I wonder what would happen if we actually started recommending a certain aH for people?  If we had a government-suggested Recommended Daily Dose of Laughter?  Vitamin A 20 mg, Vitamin B 30 mg, Vitamin L 50 aH…

At the doctor’s office, along with weighing you, taking your blood pressure and temperature, they could also measure your aH!

Doctor to man in office, “Ok John, turn your head and laugh.”

I wonder if they laugh much at terrorist meetings…  I’d like to see what a couple of Marx Brothers movies would do to their vengeance level.

So I’m going to find one of these machines and get my laughter up to the RDDL to end some world war here.  You in?

No Laughter Yoga for Fido.

Dog-bedThink us humans are the only ones who need comedy in our lives?  Turns out animals have neural circuits for laughter in the ancient parts of the brain, that predate even the existence of humans! There was laughter even before there was people.

Recent studies are debunking the theory that animals don't feel joy or sorrow.  "Indeed, neural circuits for laughter exist in very ancient regions of the brain, and ancestral forms of play and laughter existed in other animals eons before we humans came along with our 'ha-ha-has' and verbal repartee," says Jaak Panksepp, a neuroscientist at Bowling Green State University.

A recent study suggests that animals from rats to monkeys partake in joy and laughter that very much resembles a humans joy and laughter. Monkeys chase each other and pant in ways that resemble a humans laugh, even rats, as they play chirp in ways that resemble our very own giggles.  They actually found that–no joke–rats might be into Sid Caesar.

"Although no one has investigated the possibility of rat humor, if it exists, it is likely to be heavily laced with slapstick," Panksepp figures. "Even if adult rodents have no well-developed cognitive sense of humor, young rats have a marvelous sense of fun."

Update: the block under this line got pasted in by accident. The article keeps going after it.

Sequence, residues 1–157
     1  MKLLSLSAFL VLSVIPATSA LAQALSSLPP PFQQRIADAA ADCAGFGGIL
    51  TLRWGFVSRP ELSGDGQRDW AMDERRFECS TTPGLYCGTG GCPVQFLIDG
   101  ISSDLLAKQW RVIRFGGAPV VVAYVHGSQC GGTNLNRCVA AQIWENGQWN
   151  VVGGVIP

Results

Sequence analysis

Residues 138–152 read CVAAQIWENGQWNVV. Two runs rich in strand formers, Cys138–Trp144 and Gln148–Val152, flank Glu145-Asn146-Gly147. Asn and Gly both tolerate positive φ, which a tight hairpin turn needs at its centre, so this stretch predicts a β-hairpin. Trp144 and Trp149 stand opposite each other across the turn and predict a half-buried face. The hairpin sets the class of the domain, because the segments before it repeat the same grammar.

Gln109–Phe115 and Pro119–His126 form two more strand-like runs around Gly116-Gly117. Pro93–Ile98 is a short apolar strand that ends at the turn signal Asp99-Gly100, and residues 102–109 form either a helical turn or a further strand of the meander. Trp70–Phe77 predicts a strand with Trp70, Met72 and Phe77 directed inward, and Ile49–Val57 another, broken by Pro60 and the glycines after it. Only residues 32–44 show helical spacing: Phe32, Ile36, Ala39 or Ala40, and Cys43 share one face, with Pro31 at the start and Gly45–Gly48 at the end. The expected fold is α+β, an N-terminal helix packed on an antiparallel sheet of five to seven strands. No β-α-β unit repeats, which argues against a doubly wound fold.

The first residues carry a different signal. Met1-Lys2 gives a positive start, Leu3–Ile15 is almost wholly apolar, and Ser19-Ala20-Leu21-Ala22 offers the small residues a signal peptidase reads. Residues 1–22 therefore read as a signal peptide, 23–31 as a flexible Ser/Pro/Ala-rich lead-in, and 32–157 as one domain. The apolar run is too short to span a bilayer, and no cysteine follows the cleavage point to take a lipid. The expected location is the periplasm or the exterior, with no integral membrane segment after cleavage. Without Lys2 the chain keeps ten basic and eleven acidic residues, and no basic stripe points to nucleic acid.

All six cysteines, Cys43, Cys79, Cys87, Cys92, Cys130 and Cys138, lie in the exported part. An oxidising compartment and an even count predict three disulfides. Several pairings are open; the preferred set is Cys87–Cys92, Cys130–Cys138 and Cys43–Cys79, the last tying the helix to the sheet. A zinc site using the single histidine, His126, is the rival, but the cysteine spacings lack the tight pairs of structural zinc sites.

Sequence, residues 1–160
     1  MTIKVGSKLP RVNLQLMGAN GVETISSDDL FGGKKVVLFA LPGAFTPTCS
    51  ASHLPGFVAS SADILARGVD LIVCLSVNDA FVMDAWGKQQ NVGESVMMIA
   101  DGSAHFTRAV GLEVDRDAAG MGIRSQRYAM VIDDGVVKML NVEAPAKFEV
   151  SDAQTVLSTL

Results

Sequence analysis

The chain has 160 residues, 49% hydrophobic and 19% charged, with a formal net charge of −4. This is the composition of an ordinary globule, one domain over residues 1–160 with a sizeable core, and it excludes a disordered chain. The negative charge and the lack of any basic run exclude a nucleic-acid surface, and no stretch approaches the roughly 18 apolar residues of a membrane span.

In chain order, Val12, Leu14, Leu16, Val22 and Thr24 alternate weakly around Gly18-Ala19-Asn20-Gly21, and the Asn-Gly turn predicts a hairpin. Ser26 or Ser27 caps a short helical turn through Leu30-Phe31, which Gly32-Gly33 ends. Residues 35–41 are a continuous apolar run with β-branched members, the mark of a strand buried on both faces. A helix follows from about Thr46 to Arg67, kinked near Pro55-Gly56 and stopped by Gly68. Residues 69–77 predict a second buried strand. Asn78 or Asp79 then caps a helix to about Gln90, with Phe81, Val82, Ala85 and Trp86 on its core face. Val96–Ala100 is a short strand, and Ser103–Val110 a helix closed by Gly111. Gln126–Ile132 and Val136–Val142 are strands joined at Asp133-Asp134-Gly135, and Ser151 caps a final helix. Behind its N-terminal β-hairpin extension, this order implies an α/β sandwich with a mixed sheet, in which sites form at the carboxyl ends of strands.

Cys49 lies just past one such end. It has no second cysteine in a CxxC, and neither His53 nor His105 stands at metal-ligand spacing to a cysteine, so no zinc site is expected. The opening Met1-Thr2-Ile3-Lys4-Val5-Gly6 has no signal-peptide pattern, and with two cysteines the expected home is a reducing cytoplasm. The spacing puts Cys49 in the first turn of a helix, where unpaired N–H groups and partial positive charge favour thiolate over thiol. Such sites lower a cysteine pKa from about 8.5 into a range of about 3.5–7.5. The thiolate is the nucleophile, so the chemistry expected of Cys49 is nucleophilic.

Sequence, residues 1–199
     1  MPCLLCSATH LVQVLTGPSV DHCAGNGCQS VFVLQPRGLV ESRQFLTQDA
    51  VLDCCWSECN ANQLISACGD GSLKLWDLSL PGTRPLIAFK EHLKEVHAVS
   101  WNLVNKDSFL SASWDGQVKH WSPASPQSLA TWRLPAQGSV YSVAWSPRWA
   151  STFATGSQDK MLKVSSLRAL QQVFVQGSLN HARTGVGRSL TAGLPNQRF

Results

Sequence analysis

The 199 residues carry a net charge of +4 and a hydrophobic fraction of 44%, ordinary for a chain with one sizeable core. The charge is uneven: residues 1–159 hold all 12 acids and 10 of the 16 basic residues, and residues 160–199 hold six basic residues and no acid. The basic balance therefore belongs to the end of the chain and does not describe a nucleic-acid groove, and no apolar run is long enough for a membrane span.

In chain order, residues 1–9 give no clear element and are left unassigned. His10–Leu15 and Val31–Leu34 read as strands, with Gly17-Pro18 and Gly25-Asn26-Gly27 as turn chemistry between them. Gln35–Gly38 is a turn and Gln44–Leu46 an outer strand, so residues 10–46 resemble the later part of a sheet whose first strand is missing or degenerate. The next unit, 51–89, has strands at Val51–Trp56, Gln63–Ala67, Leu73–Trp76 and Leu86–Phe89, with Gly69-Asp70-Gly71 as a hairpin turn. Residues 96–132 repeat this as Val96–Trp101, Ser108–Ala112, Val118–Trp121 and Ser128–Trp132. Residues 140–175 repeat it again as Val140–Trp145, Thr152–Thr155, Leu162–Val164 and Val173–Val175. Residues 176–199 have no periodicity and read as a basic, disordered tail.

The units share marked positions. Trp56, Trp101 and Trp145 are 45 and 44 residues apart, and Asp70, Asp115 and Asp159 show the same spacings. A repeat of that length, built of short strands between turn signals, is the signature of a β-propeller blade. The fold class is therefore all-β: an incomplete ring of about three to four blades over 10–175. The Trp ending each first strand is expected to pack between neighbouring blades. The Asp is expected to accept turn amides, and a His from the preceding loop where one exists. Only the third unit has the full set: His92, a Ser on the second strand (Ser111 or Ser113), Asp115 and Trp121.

Panksepp says more studies need to be conducted in order to really tell if these behaviors are truly an animal's way of expressing laughter, but laughter could be a deep seeded brian function that not only exists in humans, but in the animals around us as well.

So, no need to take your dog to laughter yoga with you, he's already laughing at you–I mean, with you.

Turns out Laughter is Contagious… Like the Flu, But More Fun.

Sophie Scott, a neuroscientist at the University College London, has found that laughter is contagious!  Of course you and I already know that, but now it's been backed up by a real academic study.

Scott says that the sound of laughter triggers the brain to ready our facial muscles to laugh ourselves.  Researchers measures brain response with volunteers in an MRI and found that the pre-motor cortical region of the brain responded to all sounds, but more to the positive cues than the negative ones.  Scott thinks that's because people tend to avoid negative emotions.  Makes sense to me! 

Not only is laughter contagious, but it also makes people feel good.  These two agents in combinations are what trigger dangerous levels of levity, spontaneous mirth infections, and epic epidemics of exuberance.  I wonder what the critical mass of laughing people would be to have the entire world laughing at once?  One giant Laugh In.  Perhaps the better question is, what joke would make it happen?  Probably not a Knock Knock joke, because not everyone has a door.